This doesn't seem like your typical garage band.
First off, the members range in age from 8-year-old Leah Salandy, who doesn't seem tall enough to reach her instrument ("I need a stool," she admits) to Selwyn Salandy, who is a father and grandfather.
The band is gathered at his house in Bethlehem Township, in his garage, but this is in no way a "garage band."
Caribbean Steel Rhythms, a steel drum band made up of about a dozen Easton area residents, has been playing together for years, forming in 2007 out of the Chirst United Methodist Church on the city's South Side.
And for the last few months, they've been everywhere, with shows at schools, churches and events all over eastern Pennsylvania, as well as higher profile performances at Musikfest and Coca-Cola Park.
Last week, Easton Patch did a short story about two members of the group who were rehearsing for a steel drum competition in New York City. At the time, one of our commenters said, "So, in addition to the School of Rock, Easton has a "School of Steel?"
Hopefully that can happen, said Salandy, a native of Trinidad and Tobago.
The band has its eye on a space on the 900 block of Northampton Street as a possible school, but noise could be an issue.
"You know it's close," Salandy said. "The houses are kind of close…unless we could totally soundproof that place, it would be difficult."
Steel drums, as you might imagine, aren't quiet.
It's what drove Salandy's son Pierre away from the drums as a child on Trinidad and Tobago. As a boy, Pierre would march with his drum in giant parades, with bands made up of hundreds, or thousands, of players.
"In all honesty, I hated the steel drum. I thought it was too noisy," said Pierre, a musician who lives on the South Side. "When you have a thousand people playing, there's only so much peace and quiet you can have."
But years of musical training -- plus seeing the steel drums played on a smaller stage -- has led him to a deeper appreciation of the instrument.
Others have taken to it more quickly. Selwyn said one member asked to join the band after seeing them perform.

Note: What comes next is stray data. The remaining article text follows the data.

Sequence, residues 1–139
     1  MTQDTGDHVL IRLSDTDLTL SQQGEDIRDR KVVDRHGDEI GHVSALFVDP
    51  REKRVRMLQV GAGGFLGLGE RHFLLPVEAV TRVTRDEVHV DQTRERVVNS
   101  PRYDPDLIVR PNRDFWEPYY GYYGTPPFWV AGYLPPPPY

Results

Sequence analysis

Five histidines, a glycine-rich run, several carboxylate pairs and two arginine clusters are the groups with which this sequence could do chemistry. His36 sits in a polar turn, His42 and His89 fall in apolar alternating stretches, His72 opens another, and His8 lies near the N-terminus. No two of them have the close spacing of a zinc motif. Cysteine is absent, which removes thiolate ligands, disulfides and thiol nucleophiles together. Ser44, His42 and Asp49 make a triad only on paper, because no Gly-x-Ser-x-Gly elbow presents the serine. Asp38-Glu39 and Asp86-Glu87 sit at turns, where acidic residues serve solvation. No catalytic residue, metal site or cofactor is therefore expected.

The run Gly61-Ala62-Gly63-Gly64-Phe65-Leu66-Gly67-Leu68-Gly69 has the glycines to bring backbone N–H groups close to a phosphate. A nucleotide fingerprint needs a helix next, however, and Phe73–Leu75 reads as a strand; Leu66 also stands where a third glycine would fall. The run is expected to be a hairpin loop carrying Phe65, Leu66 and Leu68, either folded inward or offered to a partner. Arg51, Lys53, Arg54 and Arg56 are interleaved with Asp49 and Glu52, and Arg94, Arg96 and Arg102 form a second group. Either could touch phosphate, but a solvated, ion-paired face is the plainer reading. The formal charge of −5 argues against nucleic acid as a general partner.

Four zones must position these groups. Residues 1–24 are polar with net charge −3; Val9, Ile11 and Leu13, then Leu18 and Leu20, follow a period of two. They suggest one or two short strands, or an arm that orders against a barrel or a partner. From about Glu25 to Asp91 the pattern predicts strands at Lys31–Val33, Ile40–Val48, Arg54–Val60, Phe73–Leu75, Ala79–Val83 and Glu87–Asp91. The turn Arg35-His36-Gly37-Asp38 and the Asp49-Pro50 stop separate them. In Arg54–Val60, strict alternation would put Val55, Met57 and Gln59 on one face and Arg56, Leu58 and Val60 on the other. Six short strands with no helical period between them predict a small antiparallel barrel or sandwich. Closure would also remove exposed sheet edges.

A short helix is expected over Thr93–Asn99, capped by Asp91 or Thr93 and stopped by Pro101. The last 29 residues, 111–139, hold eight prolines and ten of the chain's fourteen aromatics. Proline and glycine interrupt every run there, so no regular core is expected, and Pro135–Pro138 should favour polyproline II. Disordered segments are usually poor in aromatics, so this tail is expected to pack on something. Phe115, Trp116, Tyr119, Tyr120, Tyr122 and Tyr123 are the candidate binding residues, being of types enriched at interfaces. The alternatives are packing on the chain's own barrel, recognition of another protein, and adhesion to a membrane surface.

"She heard us playing a church and said 'I have to be a part of that,'" he said.
In the Salandy garage, you'll find all the members of the steel drum family: the tenor drums, double-tenor, second drums, the so-called "guitar" and "cello" drums, and the bass drums.
(Not to be confused with the bass drum you'd find on a standard drum kit; these bass drums, like all steel drums, play a melody.) The whole band has almost the same range of octaves as a piano.
It's an instrument that has its origins in slavery, Pierre said. Slaves on Trinidad would communicate through drums; when slave owners banned those drums, the slaves began using bamboo sticks that they'd cut to different lengths and diameters to make music.
Later, those sticks became part of bands. By the 1930s, those bands included the idea of using metal containers. Musicians would weld and hammer those containers so they produced different notes.
As Pierre -- who plays the traditional drums (bass, snare, cymbal, etc.) for the band -- wrapped up his history lesson, band members began to arrive to rehearse.
First up is "One Love" by Bob Marley. The band's set list is typically a mix of secular and spiritual music.
"I'm still mastering it," said Val Haring of Easton, who plays the guitar drum. "It's the rhythm. Some of them are not natural to me."
That's the thing about steel drums, Pierre said. It's complex, and highly syncopated. There's a lot going on "between the beats," and he argues that's what makes it fascinating to audiences.
"For most people, it's such an experience to see metal drums playing music that makes sense," he said. "People are really fascinated by the idea that a 55-gallon oil drum can become a musical instrument."